Perhaps I should clarify: I do occasionally buy things. There’s always some ghastly birthday card to be bought, some votives that only Yankee Candle can supply, and let’s face it, that Express card isn’t going to max itself out, is it? And don’t forget the bookstore, where I’ve been known to loiter for hours around the Photography section (it’s not porn if it’s in black and white, right?), only to move on to Cooking (Hello, Nigella Lawson!) before finally taking home some random hardcover. And while the content of said New Release would most likely be of no discernible interest to me, you can bet your ass the cover art would be really, really cool.
Plus, let’s not forget the dining – well, maybe dining isn’t quite the right word for it. There’s “dining” and there’s just plain eating. The difference? Well, if you’re doing it under a big neon sign that reads FOOD COURT, then chances are you’re just eating. And if you’ve seen some of the regular mall denizens waddling around with their equally rotund brood in tow, then you know that there’s a whole lotta’ eatin’ going on. But that, too, is only part of it.
I remember a time about eight years ago, when I was living a bit west of Boston (“a bit” being about 50 miles) in a small, $300 dollar-a-month studio apartment. Suffice to say I lived alone, and suffice to say that by “alone” I mean with my cat. Her name, not that it should matter, was Egg Sandwich. Well then, as now, I loved to go to the grocery store almost every day to gather ingredients for dinner. My fridge was only a bit bigger than those dorm-sized ones, so I wouldn’t have been able to buy more than a couple of day’s worth of groceries, but I probably would have shopped daily anyway.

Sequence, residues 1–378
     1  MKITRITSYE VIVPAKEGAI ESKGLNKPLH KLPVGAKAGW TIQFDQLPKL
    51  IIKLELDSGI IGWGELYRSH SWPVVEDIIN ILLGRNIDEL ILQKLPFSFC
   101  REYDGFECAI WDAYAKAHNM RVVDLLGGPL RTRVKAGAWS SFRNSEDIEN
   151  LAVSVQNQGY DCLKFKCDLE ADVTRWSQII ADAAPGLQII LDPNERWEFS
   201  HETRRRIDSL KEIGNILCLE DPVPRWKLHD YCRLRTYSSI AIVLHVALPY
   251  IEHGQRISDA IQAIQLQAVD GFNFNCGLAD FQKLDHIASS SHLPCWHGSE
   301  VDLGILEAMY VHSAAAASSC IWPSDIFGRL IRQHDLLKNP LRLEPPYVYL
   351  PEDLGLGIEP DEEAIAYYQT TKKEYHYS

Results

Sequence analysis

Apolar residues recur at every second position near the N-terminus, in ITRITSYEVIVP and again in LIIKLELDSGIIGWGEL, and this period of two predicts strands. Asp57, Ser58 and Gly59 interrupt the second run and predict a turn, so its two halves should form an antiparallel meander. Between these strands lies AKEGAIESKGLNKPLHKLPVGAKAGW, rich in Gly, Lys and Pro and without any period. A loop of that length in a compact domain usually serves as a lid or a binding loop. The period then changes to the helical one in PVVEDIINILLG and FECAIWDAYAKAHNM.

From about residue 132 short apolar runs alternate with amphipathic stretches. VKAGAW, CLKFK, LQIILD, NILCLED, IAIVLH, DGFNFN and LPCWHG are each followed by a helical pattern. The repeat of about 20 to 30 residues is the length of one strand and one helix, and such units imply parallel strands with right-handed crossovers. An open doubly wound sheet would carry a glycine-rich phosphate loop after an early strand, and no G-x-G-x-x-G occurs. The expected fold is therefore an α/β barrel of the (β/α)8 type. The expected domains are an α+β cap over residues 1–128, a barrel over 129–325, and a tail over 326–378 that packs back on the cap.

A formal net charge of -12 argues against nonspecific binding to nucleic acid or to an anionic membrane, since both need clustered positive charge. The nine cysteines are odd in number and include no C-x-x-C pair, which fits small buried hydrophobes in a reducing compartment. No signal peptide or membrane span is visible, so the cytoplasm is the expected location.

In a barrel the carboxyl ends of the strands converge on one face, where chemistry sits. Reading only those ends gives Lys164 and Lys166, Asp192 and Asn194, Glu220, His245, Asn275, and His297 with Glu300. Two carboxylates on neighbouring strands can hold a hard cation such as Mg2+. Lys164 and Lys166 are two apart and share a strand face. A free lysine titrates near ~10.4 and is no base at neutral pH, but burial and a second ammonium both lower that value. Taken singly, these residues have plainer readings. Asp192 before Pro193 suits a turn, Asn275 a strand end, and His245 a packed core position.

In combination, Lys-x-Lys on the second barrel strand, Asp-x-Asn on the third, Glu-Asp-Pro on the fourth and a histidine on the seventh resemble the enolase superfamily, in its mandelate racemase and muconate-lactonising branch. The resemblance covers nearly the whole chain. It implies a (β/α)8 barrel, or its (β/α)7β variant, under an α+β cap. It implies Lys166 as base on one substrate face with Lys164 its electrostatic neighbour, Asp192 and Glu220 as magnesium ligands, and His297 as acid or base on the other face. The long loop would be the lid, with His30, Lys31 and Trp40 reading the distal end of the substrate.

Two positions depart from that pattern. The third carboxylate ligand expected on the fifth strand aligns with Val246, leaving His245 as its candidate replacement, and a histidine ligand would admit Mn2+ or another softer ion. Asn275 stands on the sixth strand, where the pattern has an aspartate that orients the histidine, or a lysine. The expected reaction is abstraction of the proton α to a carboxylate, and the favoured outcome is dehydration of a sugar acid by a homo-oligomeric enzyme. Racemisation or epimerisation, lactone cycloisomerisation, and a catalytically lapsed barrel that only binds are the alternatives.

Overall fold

Anyway this one afternoon I found myself at Market Basket wandering the aisles. Up and down I zigzagged, basket in hand, waiting for the right product to jump out at me. Nothing, however, inspired me. What did I want for dinner? What hadn’t I had in a while? What did I need?
After almost a half-hour it hit me: I didn’t need a thing. I had no desire to buy anything there. I didn’t care about dinner that night; in fact, I wasn’t even hungry. I just liked to hang around the grocery store because I WAS A LOSER WITH NO FRIENDS. And that, in nutshell, is most likely why I like to go to the mall, and it’s the oldest reason there is: I have nothing better to do. Being married surely doesn’t change that, nor does being a father. And neither do the dozens of attractive, intelligent, witty and well-employed friends currently beating a path to my door just to say hi. Well, that is, they wouldn’t if they existed.
Which, I guess, they don’t.
Sigh. Now where are my keys…
2 thoughts on “A Confession…”
A nice piece. Alas, I usually get stressed at malls (or Ikea, for that matter). Too much stimulation and too many things I don’t want to buy. There’s a certain charm at the thought of hundreds of little shops, but I rarely find anything interesting in them. Still, I’ve spent a lot of time in malls–most often, to go to movies or to eat.
So what did you want to take Lizzy to the mall for, anyway??
I’ve got your back on:
1) Nigella Lawson. Good god.
2) Suspiciously effemenite behavior (non-competitve, yup. Rufus Wainright ftw)
3) Past mallrat existence leading to current love of malls.
4) Lack of attractive, intelligent, witty and well-employed friends.
but you’re on your own with the SkYY 😉